• IPA: /ˈtɹɪbjʊtəɹi/

tributary (plural tributaries)

  1. A natural water stream that flows into a larger river or other body of water.
  2. A nation, state, or other entity that pays tribute.
    • 1602 : William Shakespeare, Hamlet, act V scene 2
      As England was his faithful tributary
  • (stream which flows into a larger one) affluent
Translations Translations
  • Italian: vassallo
  • Russian: да́нник

tributary (not comparable)

  1. Related to the paying of tribute.
  2. subordinate; inferior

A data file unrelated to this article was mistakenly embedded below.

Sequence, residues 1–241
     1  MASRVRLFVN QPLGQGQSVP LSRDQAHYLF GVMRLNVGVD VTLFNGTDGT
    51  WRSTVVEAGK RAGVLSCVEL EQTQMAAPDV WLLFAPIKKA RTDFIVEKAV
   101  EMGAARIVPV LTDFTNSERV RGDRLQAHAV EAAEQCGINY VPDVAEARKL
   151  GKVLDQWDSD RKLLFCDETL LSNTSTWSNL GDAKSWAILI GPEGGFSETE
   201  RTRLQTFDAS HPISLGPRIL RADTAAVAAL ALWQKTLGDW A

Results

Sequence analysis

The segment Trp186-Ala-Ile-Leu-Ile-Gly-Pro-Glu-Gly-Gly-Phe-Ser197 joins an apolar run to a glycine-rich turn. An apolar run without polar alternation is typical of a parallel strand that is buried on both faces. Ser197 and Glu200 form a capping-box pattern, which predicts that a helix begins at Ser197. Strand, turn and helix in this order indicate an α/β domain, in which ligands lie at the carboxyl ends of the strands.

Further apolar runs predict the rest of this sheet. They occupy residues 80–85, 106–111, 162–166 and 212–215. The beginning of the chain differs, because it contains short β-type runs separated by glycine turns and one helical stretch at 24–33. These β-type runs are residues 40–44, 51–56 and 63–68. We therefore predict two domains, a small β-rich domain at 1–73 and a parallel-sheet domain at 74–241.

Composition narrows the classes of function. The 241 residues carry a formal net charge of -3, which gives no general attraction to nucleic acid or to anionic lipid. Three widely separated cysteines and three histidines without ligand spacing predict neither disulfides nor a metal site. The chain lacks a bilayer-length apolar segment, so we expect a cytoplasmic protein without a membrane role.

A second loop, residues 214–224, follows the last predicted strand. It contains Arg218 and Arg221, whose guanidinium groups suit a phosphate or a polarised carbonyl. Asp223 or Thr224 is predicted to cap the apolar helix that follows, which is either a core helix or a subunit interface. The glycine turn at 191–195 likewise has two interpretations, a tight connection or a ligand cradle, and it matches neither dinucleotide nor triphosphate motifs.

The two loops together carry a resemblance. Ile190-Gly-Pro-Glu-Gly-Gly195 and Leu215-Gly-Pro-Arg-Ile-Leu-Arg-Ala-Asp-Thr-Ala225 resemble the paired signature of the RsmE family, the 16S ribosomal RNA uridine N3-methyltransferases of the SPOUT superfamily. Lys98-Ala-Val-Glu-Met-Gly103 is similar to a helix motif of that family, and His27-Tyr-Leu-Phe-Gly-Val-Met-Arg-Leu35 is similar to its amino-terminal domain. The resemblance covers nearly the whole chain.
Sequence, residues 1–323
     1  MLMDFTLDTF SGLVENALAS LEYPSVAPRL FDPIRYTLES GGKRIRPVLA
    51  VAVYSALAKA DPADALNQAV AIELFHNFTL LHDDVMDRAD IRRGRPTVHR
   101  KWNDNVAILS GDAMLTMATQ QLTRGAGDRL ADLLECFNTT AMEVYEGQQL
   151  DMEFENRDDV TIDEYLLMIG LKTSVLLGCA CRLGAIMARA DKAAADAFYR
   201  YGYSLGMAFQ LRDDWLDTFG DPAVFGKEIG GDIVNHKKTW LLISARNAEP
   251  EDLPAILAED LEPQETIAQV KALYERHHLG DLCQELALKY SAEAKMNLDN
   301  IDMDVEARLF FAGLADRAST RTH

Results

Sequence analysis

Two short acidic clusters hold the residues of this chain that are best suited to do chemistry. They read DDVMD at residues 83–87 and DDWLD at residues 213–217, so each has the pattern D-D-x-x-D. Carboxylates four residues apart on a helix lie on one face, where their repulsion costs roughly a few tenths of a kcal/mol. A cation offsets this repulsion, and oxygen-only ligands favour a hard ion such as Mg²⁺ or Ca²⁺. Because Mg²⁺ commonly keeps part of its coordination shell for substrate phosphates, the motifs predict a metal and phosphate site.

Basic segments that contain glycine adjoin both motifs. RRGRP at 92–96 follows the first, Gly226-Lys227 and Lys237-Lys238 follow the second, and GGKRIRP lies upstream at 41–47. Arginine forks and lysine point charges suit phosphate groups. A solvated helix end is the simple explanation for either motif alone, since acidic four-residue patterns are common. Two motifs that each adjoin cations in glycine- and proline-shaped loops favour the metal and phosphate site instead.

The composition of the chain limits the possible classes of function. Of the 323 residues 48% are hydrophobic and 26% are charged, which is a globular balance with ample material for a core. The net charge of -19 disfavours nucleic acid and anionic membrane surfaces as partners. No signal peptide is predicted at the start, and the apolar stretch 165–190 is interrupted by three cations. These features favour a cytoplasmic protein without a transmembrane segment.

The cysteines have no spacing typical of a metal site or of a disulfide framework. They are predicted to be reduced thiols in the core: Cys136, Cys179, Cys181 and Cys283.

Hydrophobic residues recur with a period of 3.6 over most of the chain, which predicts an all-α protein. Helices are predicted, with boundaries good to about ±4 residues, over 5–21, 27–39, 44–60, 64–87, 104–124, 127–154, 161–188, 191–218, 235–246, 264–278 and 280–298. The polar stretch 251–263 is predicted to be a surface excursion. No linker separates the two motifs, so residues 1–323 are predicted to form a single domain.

• 1634 October 9 (first performance), [John Milton], H[enry] Lawes, editor, A Maske Presented at Ludlow Castle, 1634: […] [Comus], London: Printed [by Augustine Matthews] for Hvmphrey Robinson, […], published 1637, OCLC 228715864 ↗; reprinted as Comus: […] (Dodd, Mead & Company’s Facsimile Reprints of Rare Books; Literature Series; no. I), New York, N.Y.: Dodd, Mead & Company, 1903, OCLC 1113942837 ↗:
      to grace his tributary gods
  3. Yielding supplies of any kind; serving to form or make up, a greater object of the same kind, as a part, branch, etc.; contributing.
    The Ohio has many tributary streams, and is itself tributary to the Mississippi.
Related terms Translations

This text is extracted from the Wiktionary and it is available under the CC BY-SA 3.0 license | Terms and conditions | Privacy policy 0.005
Offline English dictionary